Exponential Moving Average Formula
To calculate the Exponential Moving Average (EMA), you need to obtain complete historical price data of the security you’re analyzing. Here you will find the EMA formula.
The formula for the Exponential Moving Average (EMA) is a cumulative calculation which includes all historical price data. Every EMA value of a period takes into consideration the EMA value of its preceding period.
Past values in the formula have a diminishing weight to the EMA while more recent values have a greater weight.
The exact formula for the EMA equation is as follows:
- n is the number of periods (e.g. 200 for the 200 EMA)
- EMA[-1] is the EMA of the previous period
- p is the price in the current period
How to Calculate the EMA
The smoothing constant K applies appropriate weight to the most recent price. It uses the number of periods n specified in the EMA. A 20 EMA applies a 9.52% weighting to the most recent price (2 / (20 + 1) = .0952). It is therefore also called a 9.52% EMA.
A 200 EMA applies a 0.995% weighting to the most recent price. Notice that the weighting for the shorter time period is more than the weighting for the longer time period. The weighting drops by half every time the moving average period doubles.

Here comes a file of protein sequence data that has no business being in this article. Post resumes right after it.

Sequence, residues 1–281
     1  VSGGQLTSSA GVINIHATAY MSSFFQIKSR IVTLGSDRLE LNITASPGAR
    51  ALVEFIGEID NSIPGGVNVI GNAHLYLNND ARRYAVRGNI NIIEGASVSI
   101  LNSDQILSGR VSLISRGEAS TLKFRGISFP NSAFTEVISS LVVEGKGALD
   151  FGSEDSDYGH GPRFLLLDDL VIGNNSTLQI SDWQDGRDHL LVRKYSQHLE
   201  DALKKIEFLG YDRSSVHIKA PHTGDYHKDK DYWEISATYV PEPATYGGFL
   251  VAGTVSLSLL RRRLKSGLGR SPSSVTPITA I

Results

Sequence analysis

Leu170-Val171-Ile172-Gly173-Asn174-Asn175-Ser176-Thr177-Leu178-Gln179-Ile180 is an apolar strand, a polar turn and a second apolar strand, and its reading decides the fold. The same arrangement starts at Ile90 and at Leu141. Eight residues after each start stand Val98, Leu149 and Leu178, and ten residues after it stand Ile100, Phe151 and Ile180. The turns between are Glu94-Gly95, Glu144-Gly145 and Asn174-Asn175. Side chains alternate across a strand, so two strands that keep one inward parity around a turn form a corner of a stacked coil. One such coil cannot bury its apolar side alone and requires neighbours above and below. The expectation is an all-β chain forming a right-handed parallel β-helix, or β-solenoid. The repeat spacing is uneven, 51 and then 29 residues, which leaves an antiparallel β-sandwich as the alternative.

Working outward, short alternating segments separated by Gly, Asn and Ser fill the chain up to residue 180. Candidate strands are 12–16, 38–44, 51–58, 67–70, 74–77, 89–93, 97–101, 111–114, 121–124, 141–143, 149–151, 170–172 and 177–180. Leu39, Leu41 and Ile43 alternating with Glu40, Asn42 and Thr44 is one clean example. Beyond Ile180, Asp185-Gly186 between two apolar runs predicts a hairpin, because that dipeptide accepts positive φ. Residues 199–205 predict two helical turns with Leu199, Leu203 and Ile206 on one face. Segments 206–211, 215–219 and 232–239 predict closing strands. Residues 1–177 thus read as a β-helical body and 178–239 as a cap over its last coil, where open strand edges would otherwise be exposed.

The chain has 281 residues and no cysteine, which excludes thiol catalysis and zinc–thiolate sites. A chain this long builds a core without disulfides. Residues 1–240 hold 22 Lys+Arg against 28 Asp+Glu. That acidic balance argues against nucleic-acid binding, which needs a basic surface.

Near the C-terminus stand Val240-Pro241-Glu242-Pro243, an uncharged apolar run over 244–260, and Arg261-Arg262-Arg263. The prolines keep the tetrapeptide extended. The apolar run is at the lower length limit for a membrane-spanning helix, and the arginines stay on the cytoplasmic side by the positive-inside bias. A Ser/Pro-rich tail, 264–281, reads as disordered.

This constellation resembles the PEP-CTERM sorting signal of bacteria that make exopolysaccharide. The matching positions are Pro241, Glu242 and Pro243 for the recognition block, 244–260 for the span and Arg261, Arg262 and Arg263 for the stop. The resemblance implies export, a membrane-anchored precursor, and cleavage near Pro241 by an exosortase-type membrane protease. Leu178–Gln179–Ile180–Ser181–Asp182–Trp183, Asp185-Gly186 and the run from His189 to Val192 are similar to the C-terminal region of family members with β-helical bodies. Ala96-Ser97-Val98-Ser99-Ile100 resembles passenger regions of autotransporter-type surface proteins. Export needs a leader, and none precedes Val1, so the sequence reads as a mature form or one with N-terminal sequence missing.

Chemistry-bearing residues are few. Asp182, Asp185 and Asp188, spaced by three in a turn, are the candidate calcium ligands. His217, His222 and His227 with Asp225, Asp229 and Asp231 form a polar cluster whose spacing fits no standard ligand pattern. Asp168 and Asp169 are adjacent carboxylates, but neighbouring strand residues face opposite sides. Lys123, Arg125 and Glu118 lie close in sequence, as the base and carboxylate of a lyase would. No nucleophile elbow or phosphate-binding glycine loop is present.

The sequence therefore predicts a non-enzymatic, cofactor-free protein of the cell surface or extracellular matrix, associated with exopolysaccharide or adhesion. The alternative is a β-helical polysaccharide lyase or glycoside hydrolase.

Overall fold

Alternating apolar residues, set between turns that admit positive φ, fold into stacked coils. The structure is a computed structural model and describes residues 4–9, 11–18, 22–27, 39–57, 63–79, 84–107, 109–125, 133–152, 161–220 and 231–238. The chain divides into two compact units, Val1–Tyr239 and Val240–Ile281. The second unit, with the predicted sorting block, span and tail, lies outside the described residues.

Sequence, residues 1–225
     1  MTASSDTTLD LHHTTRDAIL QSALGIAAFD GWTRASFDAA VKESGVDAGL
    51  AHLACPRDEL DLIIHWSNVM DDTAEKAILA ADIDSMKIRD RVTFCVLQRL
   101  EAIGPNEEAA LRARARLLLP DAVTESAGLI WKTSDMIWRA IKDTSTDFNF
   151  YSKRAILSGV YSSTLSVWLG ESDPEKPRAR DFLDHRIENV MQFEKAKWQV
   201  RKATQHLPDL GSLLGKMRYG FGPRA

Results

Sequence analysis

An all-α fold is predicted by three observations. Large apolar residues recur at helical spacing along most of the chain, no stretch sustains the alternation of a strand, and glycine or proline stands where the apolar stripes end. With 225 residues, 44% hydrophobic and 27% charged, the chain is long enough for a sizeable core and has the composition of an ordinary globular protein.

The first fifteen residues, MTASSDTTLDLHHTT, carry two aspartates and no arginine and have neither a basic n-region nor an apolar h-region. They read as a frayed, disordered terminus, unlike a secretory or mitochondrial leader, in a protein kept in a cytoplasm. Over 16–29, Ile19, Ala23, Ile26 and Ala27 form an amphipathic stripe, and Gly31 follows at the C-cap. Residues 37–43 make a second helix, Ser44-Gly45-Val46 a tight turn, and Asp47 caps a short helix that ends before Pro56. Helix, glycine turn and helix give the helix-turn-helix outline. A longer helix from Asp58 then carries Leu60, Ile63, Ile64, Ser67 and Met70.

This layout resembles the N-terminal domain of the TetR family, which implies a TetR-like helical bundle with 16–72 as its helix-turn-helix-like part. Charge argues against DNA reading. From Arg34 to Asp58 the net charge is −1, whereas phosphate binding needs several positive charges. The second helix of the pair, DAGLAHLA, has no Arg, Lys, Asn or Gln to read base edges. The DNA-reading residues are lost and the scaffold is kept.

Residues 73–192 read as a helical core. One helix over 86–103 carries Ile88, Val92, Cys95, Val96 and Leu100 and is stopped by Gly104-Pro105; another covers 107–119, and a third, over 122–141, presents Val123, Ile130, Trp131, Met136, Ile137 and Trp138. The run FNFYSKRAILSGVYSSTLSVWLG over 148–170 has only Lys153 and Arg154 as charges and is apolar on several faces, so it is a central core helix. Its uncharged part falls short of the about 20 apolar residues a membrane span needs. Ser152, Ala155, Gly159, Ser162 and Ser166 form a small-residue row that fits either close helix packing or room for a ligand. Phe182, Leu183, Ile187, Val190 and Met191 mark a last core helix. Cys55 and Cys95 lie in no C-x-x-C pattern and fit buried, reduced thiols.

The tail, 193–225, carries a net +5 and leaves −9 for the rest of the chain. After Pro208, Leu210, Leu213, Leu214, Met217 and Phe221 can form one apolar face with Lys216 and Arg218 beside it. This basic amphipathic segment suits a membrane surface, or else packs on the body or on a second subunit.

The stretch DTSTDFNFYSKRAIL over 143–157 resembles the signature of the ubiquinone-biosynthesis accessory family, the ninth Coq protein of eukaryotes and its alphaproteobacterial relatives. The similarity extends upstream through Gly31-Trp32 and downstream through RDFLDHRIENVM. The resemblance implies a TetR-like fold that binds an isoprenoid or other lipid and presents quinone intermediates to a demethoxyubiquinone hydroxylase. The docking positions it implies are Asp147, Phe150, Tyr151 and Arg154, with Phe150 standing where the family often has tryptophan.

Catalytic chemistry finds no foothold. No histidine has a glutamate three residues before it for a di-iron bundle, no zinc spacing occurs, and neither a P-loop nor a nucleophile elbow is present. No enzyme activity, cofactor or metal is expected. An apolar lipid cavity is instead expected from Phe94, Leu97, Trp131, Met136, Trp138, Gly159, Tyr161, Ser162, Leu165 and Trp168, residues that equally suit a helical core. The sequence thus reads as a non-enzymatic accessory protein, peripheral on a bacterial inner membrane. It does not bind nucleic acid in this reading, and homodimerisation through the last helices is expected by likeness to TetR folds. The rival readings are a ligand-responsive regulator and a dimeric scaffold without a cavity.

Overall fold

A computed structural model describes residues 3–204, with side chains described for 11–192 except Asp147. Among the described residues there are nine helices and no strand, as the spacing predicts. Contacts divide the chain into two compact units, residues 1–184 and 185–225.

You can use variations of the EMA by using the open, high, low or median price instead of using the closing price by default.
Same Formula for Every Time Frame
The formula for the 200 EMA is the same across all time frames, be it the daily, weekly, or even monthly time frame. Do you also know how to trade with the exponential moving average? Consider the moving average bounce trading strategy with a stunning risk-to-reward ratio.
Be sure to use the moving average in multiple time frames to greatly improve your consistency and profitability. The longer the time frame, the more reliable the stocks will react to its 200 EMA.
Published Sat Jun 27 2020 (last modified Thu Jul 29 2021)